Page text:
BOTTOM LINE: A Harmless Fun Outing Despite Predictable Premise And Clichés
Rating: 6 /10
Skin N Swear: Frequent Use Of Cuss Words
|Platform: Netflix||Genre: Romance, Drama|
What Is the Story About?
Dimple (Prajakta Koli) is from a typical middle-class family where her mother’s only dream to get her daughter married as soon as she is of the age. But, she is a tech wizard and dreams of creating an app. Rishi (Rohit Saraf) is from a wealthy and affluent family who has seen the troubled marriage of his father. He wants an old school romance and marriage with a simple girl who has no fake airs.
How the two unique worlds of Dimple and Rishi collide at a summer vacation camp? What happens when the two start on an extremely wrong note? Where does their relationship end is what the series is all about?
Mismatched is headed at the top by Prajakta Koli and Rohit Saraf. They are the principal leads, but many other actors get equally exciting parts.
Coming back to the leads, Prajakta and Rohit are apt for the respective roles they are given. Also, they help the story with their appearances alone. But, that is not it, and they do well acting-wise too.
Prajakta portrays the feisty and spirited nerdy girl to maximum perfection. She entirely looks the part and does it justice. The dialogue delivery and the spontaneity while delivering it helps her give a solid impression. The character is slowly built, and the drama unfolds towards the end, where she is fine.
Rohit Saraf plays a contrasting character to Prajakta. He is like ice to the fire of her. It is calm, composed and understanding. But, when the time comes, Rohit too shows that he could show his rage. The last part is what makes his character stronger and likeable by the end.
Most of the cast comprises of teenagers, and they are selected well for their parts. They are clichés we usually see in teen dramas. Without even uttering a dialogue, we understand how the role is going to turn out. Even if the character is routine, the actors still have to live the part, and everyone does it well.
Muskkaan Jaferi as the tomboy, Taaruk Raina playing the rough and tough guy with internal pain, fits the roles, and expresses the right emotions in crucial scenes. Vihaan Samat is the quintessential NRI kid. The ease with which he goes through the part makes it attractive. As the snooty social media-obsessed and the soft-spoken always loving girl with a secret, Krithika and Devayani are adequate for their roles.
The latter especially is superb in the climax. The teacher role by Rannvijay Singh is another addition to the lovable portrayal of the profession on the ‘small’ screen. Vidya Malavade neatly enacts the senior (in age) struggling to fit in with the youngsters, role. The uniqueness in their characters and enough moments make them register. They do it with ease.
Nipun Dharmadhikari and AkarshKhurana direct the series. The duo seems to be well versed with space. They go the predictable tropes of a collage based story with confidence and ease as if they are in total command.
The opening episode itself sets the ball rolling in the series’ favor. We get presented all the clichéd characterization with fun and enjoyable moments. The tinge of drama is also mixed well to give us an idea of what lies ahead. Also, a sense of cacophony is felt, which weakens the narrative in later parts. It is all there.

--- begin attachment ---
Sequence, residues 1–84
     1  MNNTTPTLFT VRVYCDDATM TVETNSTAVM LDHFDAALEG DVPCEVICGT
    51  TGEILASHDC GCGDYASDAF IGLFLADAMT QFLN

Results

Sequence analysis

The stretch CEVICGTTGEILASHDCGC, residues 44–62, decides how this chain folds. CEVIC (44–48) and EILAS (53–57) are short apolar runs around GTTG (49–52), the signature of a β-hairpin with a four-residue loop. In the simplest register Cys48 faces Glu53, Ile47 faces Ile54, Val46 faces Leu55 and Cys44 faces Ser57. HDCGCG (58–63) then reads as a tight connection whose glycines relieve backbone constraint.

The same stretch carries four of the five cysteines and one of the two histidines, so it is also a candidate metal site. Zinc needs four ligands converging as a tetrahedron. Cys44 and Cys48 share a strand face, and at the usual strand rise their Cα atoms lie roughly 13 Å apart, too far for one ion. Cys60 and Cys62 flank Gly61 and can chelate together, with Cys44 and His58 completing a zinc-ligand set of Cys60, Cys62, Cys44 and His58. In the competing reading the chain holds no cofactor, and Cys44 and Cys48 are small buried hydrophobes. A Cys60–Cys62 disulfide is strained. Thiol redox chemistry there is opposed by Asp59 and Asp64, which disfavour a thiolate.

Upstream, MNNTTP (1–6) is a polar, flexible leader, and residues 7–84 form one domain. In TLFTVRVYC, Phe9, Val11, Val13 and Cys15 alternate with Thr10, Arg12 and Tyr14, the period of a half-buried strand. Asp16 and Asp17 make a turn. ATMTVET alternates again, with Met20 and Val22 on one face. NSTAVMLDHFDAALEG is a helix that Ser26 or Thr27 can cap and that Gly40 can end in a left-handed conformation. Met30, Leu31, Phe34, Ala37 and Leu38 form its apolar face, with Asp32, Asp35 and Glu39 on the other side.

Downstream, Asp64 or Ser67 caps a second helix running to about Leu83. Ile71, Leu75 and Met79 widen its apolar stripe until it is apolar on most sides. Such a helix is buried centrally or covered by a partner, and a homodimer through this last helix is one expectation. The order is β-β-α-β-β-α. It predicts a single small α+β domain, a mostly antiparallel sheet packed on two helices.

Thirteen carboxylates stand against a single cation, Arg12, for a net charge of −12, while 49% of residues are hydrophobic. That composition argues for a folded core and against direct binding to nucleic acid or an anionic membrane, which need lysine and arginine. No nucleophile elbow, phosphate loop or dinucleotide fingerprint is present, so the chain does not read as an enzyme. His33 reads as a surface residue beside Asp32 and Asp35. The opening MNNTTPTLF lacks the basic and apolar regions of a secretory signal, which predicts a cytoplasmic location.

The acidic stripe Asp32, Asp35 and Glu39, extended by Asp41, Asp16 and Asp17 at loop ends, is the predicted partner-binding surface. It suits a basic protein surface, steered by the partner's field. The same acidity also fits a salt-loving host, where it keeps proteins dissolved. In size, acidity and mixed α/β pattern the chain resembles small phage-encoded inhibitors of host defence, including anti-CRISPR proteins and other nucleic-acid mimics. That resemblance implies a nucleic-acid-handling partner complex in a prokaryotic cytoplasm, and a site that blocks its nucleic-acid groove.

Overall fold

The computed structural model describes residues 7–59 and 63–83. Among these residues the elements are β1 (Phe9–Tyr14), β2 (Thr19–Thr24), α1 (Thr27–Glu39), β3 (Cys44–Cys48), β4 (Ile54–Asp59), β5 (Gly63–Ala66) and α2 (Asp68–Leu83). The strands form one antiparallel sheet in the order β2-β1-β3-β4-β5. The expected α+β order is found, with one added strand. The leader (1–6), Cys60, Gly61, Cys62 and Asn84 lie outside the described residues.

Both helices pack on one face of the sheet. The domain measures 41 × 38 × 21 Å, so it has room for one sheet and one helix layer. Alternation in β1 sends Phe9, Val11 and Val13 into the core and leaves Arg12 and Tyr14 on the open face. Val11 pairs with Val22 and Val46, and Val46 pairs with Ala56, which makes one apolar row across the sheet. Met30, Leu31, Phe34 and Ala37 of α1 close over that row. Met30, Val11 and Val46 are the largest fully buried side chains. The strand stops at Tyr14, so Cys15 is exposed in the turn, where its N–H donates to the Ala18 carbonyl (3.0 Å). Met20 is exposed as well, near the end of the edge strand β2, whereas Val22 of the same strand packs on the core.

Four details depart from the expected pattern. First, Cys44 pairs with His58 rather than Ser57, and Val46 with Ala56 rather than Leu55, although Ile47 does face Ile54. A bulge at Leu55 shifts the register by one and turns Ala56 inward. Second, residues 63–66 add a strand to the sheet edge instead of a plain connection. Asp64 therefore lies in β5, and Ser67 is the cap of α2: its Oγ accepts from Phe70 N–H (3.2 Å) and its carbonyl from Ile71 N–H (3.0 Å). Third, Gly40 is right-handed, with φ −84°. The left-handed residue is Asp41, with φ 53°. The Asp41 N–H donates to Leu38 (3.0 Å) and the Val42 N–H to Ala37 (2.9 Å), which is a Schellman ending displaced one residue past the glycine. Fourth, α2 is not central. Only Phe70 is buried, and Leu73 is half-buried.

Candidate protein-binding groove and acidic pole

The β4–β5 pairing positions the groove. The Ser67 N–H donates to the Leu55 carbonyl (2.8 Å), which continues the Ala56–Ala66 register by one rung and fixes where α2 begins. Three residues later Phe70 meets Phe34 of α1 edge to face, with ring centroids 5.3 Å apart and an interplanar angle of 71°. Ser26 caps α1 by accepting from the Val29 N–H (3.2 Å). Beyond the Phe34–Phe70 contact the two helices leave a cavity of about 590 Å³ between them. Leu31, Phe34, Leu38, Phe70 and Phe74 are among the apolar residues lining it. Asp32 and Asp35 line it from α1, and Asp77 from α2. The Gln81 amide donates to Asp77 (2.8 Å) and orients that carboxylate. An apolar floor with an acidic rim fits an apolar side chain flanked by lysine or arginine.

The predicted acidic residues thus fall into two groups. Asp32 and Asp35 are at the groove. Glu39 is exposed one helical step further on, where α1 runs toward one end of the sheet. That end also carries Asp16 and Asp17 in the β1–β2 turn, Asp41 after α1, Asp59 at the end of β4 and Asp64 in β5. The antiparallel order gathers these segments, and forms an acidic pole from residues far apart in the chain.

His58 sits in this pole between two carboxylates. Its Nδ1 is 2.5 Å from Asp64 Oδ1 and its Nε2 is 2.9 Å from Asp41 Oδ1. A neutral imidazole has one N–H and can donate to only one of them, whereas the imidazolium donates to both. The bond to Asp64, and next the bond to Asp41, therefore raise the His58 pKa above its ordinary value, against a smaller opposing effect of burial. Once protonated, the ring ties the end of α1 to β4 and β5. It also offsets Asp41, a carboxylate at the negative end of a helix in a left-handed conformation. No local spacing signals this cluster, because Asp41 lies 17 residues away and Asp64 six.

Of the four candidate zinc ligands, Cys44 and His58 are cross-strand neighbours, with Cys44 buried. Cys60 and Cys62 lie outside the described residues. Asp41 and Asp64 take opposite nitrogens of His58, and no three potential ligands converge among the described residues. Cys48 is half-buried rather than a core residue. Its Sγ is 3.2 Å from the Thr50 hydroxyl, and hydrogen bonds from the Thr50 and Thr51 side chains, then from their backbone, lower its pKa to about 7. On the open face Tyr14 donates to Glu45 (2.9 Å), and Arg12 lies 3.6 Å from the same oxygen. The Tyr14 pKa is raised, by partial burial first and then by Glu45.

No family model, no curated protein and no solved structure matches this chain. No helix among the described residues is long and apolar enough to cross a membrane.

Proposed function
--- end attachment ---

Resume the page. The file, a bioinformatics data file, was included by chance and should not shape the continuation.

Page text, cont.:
Once one is set and okay with the world created for Mismatched, it is a smooth and fun-filled ride until the end. Well, it is not all fun, and there are a few emotional scenes as well, in the process.
The various actors and their pairing are slowly but neatly paced and developed. The whole thing follows a predictable path, and we can’t stress it enough, but the actors and writing make it watchable. The few fresh moments are icing on the cake.
To be more precise, Mismatched is in the Jo Jeeta Wahi Sikandar kind of terrain, but with everything told in a modern lingo and set up. So, we have an online battle instead of cycling, a unique one-sided love story keeping up with the times and so on. Of course, it may be a fresh packaging for Indian sensibilities (even here we have a few movies), but most of it is borrowed from the English teen rom-coms or the campus stories. If one follows them, Mismatched may further have only a tiny ‘fresh’ element in it.
In the season of six-episode, it is the middle portions that drag a little bit. The whole thing appears to move slowly and routinely. The track involving Celina and Namrata is an example. It is mostly the same as the lead pair. However, the ending makes up for both these essential tracks. The emotional moments have come out well. It also makes one eager to look forward to what happens next? We have to wait for the next season to know that, though.
Overall, Mismatched is a harmless fun outing that achieves what it set out to do –entertain with an emotional touch involving a bunch of teens. It is very routine and full of clichés, but the casting, writing and slick execution make it work.
Music and Other Departments?
The music is lovely throughout. It adds to the mood of the proceedings. The cinematography by Milind Jog and Avinash Arun is fine. The backdrop of Rajasthan gives them a great canvas to make the whole thing look rich. The editing Sanyukta Kaza and Namrata Rao are okay. The writing by Gazal Dhaliwal, Sunayana Kumari and Aarsh Vora is good. They present the typical youth conversations and emotions decently.
Right Mix Of Fun and Emotion
Music And BGM
Lots of Clichés
Drags A Bit In The Middle Portions
Did I Enjoy It?
Will You Recommend It?
Yes, Keeping The Genre In Mind
Mismatched Review by Binged Bureau